Drug related deaths in Scotland have reached 934 in 2017; this is an 8% increase on 2016 figures. They are now at their largest number ever recorded. Half of drug related deaths happen to people who live in our most deprived communities. Each death is a tragedy, affecting younger people and often young families, and every one of them is preventable. The figures out today show the lasting harm for hundreds of friends, neighbours and family members. A public health approach that focusses on harm reduction as a route to recovery has the potential to reverse this trend. 

Dr Andrew Fraser, Director of Public Health Science at NHS Health Scotland said:

“No-one makes the conscious choice to become drug-dependent, and no-one chooses a pathway that risks their life ending tragically and early. Coming off, and staying off drugs is hard. But it is possible. The evidence shows that our first line of defence against drug related deaths should be to reduce harm – accessing support and entering effective treatment is a key component of this.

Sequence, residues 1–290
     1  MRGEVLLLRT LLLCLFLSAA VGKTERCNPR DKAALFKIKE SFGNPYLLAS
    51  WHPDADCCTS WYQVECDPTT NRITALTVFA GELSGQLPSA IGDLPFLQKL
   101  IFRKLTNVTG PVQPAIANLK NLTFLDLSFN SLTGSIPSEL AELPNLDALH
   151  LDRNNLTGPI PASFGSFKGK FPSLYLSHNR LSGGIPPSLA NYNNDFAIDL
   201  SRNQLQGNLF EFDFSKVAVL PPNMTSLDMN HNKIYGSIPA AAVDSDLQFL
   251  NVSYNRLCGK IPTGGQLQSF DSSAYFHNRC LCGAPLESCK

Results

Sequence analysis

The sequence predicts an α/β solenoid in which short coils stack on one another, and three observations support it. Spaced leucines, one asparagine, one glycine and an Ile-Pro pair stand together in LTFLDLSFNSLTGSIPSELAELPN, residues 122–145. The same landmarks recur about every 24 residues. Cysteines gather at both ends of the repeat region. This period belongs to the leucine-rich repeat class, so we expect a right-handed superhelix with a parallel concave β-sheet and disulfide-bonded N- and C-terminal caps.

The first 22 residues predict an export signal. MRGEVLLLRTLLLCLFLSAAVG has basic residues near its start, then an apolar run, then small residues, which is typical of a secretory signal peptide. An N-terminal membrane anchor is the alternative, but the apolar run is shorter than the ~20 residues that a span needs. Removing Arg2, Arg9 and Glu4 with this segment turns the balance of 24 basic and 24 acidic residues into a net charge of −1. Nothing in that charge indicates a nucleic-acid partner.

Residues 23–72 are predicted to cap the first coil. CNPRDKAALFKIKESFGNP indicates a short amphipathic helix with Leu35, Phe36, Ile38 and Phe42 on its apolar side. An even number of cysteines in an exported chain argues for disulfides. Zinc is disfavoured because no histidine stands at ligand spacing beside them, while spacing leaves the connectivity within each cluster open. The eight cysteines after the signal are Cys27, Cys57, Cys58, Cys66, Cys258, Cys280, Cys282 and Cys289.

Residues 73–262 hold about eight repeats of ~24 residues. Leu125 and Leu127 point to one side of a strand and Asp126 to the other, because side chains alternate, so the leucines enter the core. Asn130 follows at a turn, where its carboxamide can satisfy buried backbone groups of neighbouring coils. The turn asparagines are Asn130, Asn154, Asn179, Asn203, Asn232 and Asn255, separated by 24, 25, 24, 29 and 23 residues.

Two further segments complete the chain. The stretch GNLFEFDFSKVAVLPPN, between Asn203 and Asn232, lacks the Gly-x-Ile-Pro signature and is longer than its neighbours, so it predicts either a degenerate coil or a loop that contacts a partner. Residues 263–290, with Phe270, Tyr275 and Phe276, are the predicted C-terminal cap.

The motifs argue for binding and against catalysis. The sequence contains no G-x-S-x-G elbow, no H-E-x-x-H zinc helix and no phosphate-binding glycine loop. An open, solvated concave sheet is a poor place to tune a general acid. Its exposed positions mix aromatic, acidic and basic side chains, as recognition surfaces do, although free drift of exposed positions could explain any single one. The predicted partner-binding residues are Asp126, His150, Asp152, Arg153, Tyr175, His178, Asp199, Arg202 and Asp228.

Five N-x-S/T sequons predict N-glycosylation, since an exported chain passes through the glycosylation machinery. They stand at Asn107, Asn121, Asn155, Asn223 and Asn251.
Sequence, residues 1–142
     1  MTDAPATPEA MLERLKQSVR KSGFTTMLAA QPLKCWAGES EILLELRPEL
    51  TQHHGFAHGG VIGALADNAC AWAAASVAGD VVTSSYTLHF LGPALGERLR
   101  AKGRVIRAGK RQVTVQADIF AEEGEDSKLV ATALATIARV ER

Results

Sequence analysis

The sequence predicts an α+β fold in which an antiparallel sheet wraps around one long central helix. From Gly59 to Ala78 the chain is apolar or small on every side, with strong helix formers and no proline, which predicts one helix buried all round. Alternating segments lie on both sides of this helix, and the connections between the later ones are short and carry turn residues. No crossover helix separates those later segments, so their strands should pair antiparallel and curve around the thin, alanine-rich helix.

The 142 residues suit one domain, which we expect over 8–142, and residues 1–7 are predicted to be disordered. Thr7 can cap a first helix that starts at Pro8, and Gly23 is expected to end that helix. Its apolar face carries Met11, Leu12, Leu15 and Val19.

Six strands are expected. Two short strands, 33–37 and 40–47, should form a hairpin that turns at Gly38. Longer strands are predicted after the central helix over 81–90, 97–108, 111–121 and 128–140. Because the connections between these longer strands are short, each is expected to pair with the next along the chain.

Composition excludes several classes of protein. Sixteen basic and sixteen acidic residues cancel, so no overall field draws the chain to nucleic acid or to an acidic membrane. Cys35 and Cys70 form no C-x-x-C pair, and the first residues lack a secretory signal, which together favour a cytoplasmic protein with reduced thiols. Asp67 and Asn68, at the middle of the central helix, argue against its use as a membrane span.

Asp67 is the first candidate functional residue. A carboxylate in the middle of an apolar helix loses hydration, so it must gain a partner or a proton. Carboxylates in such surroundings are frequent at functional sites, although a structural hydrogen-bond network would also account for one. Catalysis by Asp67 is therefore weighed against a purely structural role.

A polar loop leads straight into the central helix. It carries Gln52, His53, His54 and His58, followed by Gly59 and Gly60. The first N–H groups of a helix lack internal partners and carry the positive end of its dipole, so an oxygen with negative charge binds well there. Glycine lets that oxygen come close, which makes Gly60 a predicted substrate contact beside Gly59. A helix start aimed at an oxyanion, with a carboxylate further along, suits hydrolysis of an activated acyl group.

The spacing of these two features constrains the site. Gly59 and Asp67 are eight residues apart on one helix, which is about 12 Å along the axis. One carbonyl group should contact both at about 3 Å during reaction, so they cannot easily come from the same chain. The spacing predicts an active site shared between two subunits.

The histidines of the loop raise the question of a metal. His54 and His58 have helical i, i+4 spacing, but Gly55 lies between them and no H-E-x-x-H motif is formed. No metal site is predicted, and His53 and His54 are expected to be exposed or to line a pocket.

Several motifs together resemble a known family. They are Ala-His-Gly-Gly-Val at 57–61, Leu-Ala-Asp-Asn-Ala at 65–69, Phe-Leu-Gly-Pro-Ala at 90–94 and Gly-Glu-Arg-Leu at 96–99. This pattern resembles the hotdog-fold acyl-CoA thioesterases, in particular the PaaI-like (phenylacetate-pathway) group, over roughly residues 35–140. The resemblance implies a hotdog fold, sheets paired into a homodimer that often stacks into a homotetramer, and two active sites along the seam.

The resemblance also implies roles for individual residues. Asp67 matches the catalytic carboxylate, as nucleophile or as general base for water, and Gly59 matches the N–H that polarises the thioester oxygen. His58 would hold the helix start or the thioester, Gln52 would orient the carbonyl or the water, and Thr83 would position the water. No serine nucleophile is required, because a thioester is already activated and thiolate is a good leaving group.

“Some drug related harm is immediate and short term, such as injection- related infections. Many other harms, like long term physical and mental ill health, are more enduring and require sustained and often intense support. Drug use is commonly a sign of other issues, such as lack of hope from an early age in life, experiences of trauma, family breakdown and poverty. In addressing drug use, we need to address other factors in a person’s life if we are to reduce drug related deaths in Scotland, creating and using every opportunity to engage people for the longer term.

“A public health approach would do this – one that puts the person and their life right at the heart of prevention, removing underlying causes, reducing harm, and setting people on a road to recovery. Sometimes our approach could include helping people live with drug use whilst we address the more enduring problems that led to their problems with drugs in the first place. The outcome we want is fewer people dying at an early age, and we should try to do whatever that takes.”

For more information visit our webpages on drugs and health inequalities.